There are two ways of seeing the one single reality. The first way is to see that a tree becomes firewood when it is cut and dried. And when the firewood is burned, it becomes ash. This order cannot be reversed. This is our common way of thinking. In this model of thinking, something that can be a tree, firewood or ash is travelling within time, flowing through past, present and future. The second way is to see each moment as an absolute moment that includes past and future. At the moment of firewood, that moment is the only reality. The moment of a tree has gone and the moment of ash has not yet come. Before and after is cut off, but the moment of the tree and moment of ash are reflected in this moment of firewood as the past and the future. This moment that has no length is one with the entire past and entire future. It is not part of a linear time. Rather the flow of time was created in our mind to interpret this change from tree to ash through to firewood. In this model, time does not flow. Each moment is the perfect moment and gateway of eternity.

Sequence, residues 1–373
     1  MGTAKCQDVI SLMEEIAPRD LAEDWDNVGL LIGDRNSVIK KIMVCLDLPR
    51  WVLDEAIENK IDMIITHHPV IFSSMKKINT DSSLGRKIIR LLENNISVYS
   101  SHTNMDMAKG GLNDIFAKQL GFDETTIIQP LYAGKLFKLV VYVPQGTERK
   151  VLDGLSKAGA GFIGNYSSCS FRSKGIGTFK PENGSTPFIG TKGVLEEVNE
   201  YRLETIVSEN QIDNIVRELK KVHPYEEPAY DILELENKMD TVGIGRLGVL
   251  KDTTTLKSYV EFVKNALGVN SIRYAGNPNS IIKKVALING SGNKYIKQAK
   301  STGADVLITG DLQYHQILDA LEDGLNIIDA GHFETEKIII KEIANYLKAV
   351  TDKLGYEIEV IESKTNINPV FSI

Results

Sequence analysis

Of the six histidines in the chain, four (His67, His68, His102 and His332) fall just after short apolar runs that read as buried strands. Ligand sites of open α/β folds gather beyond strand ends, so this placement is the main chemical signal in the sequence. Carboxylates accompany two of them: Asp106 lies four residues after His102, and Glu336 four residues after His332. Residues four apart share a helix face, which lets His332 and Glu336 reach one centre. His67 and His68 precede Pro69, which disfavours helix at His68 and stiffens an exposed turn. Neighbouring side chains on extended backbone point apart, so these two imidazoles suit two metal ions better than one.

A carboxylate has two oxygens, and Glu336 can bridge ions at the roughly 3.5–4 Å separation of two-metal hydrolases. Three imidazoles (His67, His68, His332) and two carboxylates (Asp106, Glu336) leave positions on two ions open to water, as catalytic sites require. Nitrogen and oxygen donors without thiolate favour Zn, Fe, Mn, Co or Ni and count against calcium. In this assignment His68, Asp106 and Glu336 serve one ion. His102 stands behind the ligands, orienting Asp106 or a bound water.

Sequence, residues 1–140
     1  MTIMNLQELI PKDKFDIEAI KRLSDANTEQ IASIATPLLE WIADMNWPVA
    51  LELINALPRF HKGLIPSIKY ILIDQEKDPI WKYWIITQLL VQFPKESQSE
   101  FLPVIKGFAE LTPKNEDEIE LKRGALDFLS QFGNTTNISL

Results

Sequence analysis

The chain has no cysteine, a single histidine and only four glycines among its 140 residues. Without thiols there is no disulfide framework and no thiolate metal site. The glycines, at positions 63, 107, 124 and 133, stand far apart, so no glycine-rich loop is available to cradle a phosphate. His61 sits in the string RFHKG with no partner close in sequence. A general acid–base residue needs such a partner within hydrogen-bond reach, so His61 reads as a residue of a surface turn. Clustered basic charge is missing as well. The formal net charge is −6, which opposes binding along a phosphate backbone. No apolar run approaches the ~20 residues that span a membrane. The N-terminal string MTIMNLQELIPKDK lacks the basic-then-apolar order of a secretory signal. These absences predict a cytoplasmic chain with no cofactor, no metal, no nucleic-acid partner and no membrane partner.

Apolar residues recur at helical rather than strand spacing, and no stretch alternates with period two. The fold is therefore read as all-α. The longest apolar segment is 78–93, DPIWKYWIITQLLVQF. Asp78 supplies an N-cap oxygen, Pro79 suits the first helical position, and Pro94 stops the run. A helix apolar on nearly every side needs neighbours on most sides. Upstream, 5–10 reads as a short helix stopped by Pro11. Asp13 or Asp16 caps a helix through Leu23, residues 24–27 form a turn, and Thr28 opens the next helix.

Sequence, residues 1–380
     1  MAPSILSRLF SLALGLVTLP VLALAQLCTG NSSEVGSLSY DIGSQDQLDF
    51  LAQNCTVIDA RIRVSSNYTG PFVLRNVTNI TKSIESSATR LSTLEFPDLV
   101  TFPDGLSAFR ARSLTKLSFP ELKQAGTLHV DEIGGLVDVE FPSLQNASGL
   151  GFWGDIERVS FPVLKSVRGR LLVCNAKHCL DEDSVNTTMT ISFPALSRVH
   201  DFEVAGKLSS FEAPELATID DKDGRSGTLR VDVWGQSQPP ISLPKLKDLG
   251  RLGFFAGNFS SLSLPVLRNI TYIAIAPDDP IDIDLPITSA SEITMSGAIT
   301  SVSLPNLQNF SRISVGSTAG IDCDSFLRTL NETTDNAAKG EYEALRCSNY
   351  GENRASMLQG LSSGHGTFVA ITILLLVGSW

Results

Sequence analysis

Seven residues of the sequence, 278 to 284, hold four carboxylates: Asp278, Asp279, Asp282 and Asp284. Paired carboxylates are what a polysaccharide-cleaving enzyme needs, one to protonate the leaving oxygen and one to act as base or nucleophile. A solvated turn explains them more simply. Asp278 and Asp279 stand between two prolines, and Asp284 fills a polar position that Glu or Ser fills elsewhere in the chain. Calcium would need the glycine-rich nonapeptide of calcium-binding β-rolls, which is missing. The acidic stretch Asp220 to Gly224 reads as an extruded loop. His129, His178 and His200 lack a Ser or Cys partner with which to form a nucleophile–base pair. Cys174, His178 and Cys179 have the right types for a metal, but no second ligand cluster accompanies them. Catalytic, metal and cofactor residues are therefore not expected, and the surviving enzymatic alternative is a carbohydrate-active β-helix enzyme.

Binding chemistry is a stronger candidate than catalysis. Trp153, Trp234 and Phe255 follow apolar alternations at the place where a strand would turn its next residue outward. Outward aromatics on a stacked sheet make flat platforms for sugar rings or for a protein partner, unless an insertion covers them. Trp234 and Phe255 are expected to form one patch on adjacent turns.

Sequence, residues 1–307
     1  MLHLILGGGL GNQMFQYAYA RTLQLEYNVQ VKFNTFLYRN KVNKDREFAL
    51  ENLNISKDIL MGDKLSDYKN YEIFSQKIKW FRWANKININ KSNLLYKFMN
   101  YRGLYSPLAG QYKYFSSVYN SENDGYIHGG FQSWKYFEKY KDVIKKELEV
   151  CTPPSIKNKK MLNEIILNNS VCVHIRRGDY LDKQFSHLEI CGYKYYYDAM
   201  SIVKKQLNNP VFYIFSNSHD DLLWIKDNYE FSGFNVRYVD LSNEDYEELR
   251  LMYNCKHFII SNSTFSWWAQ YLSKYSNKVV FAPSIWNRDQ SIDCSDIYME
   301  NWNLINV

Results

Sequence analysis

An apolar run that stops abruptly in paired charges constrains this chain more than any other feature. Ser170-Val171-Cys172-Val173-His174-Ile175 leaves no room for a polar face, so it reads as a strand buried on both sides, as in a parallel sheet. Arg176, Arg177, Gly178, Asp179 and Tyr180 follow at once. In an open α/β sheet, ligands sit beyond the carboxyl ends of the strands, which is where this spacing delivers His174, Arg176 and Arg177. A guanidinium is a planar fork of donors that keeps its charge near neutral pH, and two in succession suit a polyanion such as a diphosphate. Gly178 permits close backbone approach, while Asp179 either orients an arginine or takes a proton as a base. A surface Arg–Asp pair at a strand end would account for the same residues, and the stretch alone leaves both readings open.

Both are ways of seeing the reality of our life. We are always changing, always moving. Both body and mind are constantly changing. But somehow we think there is something that does not change. Fifty years ago I was a baby and fifty years later I am a middle-aged person, but I think that even when I was a baby I was ‘Shohaku’ and now I am also ‘Shohaku’. We assume there is something that does not change, and that this something that does not change is going through the process of changing. Otherwise we cannot say ‘something’ is changing. Changing means ‘A’ becomes something not ‘A’. If there is nothing that is common, we cannot even say ‘A’ changed and became ‘B’. If ‘A’ and ‘B’ are completely different things, we cannot say ‘A’ changed into ‘B’. ‘A bicycle’ cannot become ‘Shohaku’. Because there is some continuity, something common, we think that a baby Shohaku became the boy Shohaku, and the boy Shohaku became the middle-aged Shohaku. Our common way of thinking implies there is something that does not change. Otherwise our words do not make any sense.